Dates stored in MySQL databases are represented using the format ‘YYYY-MM-DD’. People don’t usually say they accomplished a task on 2013-01-01, so this format is not the most convenient. Often we need to convert the format of a date stored in a database into a more readable or more user-friendly format.
We can use PHP to re-format dates retrieved from a MySQL database using two functions,
Note: One requirement for the
DateTime() function to work is that the date column in the database must be of the type datetime, not date. Even if the date column started life with the type date, it can be changed at any time. Just realize that dates will now be reported along with the time, which will be all zeroes in this case. To make the date look pretty again, use both functions as outlined below.
A warning is reported when a date column is of the type date when a function expects the type datetime. You might see something like “Warning: date_format() expects parameter 1 to be DateTime, string given” if this happens to you.
Once the dates are recorded as the type datetime, using the
date_format() function of PHP will work. Going back to values that are already stored in a database and updating the type is ok, this doesn’t have to happen at the creation of the database. So, if you’re keeping track of dates and want to use a format other than something like “2013-01-01”, keep reading.
As we now know the PHP function
date_format() expects the first parameter to be of the type datetime. Here’s how to change date formats:
First, create a new DateTime object. This might not be an obvious thing to do, especially for those of us who use Procedural PHP instead of Object-Oriented PHP.
$gooddate = new DateTime($row['gooddate']);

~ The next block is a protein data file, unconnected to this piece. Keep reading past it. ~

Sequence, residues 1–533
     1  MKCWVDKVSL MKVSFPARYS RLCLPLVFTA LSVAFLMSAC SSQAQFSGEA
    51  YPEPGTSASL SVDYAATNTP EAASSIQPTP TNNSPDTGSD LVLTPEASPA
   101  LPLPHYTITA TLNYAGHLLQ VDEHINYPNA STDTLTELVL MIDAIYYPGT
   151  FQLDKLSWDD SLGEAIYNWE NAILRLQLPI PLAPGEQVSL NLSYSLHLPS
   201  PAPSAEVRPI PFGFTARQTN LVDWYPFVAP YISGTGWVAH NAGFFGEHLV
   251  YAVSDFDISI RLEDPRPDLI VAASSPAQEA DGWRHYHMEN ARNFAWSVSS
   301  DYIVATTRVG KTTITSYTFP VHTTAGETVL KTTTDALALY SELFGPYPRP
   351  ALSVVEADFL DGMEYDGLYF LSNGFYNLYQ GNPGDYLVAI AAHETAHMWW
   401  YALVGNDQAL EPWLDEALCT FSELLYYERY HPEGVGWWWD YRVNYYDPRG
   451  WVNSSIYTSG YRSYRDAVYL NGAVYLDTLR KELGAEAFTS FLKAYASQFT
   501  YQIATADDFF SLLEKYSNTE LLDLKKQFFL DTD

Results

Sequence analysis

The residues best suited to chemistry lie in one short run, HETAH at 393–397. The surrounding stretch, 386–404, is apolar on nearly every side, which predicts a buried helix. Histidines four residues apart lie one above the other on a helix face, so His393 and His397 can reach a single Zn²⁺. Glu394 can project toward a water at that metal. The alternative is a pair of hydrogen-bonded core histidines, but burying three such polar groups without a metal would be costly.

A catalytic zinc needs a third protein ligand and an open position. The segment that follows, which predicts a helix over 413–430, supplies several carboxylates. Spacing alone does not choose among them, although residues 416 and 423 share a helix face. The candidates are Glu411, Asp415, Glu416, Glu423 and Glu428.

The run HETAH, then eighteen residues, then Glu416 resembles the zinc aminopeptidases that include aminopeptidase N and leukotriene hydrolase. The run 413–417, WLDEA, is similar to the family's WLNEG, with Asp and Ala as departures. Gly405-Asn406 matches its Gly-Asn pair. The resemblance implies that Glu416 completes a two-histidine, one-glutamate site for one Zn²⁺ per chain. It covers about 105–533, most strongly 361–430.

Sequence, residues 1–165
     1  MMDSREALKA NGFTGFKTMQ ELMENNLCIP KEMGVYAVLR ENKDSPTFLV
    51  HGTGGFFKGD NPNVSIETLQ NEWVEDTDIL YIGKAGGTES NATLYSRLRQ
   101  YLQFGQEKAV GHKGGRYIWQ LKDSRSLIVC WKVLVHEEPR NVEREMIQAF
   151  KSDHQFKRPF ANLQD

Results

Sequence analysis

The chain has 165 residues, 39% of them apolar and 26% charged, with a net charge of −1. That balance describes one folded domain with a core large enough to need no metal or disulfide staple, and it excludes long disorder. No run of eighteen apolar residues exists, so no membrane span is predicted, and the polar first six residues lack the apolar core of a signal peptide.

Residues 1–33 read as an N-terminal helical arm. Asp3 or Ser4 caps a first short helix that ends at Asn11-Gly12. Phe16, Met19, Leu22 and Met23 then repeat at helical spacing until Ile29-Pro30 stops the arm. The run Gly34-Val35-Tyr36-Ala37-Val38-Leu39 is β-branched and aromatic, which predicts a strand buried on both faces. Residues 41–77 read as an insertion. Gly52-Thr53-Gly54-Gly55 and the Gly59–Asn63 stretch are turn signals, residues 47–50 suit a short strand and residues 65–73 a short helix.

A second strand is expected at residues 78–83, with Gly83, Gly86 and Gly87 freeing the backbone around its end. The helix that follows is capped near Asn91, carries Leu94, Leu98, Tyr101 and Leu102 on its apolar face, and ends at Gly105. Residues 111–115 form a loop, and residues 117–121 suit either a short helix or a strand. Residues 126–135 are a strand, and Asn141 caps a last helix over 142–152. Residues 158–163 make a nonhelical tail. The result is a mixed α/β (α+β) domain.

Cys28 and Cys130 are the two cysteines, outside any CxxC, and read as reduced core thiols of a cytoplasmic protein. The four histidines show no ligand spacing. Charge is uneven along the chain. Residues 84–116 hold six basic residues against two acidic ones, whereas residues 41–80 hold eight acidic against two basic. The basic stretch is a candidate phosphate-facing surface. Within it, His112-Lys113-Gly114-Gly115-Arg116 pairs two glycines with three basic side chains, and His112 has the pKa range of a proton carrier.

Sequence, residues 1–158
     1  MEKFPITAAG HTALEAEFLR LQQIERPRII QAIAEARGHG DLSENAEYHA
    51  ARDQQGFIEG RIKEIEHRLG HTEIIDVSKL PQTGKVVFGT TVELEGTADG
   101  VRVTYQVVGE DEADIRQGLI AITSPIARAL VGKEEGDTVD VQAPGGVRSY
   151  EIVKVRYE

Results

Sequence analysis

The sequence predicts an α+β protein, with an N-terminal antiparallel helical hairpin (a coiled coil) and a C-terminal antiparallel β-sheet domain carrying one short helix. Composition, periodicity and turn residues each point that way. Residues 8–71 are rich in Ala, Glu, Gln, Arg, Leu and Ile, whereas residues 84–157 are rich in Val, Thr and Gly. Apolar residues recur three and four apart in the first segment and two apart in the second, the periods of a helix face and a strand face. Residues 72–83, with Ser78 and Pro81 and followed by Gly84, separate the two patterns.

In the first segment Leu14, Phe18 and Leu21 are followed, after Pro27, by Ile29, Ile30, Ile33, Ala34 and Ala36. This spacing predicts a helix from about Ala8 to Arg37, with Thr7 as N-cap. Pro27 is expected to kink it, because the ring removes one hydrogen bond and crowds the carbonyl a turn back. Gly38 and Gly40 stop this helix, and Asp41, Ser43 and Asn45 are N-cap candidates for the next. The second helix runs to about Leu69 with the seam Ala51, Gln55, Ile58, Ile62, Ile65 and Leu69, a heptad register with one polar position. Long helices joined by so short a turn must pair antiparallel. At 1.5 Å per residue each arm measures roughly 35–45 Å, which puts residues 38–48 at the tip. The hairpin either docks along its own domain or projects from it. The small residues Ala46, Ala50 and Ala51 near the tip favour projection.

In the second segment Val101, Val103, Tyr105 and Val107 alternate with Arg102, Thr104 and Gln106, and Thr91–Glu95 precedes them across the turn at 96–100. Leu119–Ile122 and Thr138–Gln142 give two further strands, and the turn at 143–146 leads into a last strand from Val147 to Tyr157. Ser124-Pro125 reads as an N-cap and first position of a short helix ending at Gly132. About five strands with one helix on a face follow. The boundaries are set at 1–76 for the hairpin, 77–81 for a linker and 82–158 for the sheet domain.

Then, pass that object (
$gooddate) to the PHP function as the first parameter. The second parameter is the format of the date as you’d like it to be seen using date format letters inside a set of single quotes. So, for a complete date and time report, use something like:
$formattedgooddate = date_format($gooddate, 'Y-m-d H:i:s');
The result is a date that looks like “2013-01-01 00:00:00”. Use different date format letters to change how the date appears and don’t use the time letters if you don’t want them to appear on your screen.
$formattedgooddate = date_format($gooddate, 'M j'); will produce ‘Jan 1’ for the date in this case.
Date formatting letters that seem most useful include the following:
- d – The day of the month (from 01 to 31)
- D – A short word of a day (three letters)
- j – The day of the month without leading zeros (1 to 31)
- l (lowercase ‘L’) – A full word of a day
- S – Two letter suffix for the day of the month: st, nd, rd or th.
- z – The day of the year (from 0 through 365)
- F – A full word of the month (January through December)
- m – A number of a month, with leading zero (from 01 to 12)
- M – A short word of a month (three letters)
- n – A number of a month, no leading zeros (1 to 12)
- t – The number of days in the given month
- Y – A four digit year
- y – A two digit year
- a – Lowercase am or pm
- A – Uppercase AM or PM
- g – 12-hour format of an hour (1 to 12)
- G – 24-hour format of an hour (0 to 23)
- i – Minutes with leading zeros (00 to 59)
- s – Seconds, with leading zeros (00 to 59)
- e – The timezone identifier (Examples: UTC, GMT, Atlantic/Azores)
- I (capital i) – If date is in Daylight Savings Rime (1 if yes, 0 otherwise)
- T – Timezone abbreviations (Examples: EST, MDT)
Check W3Schools for more date formatting characters.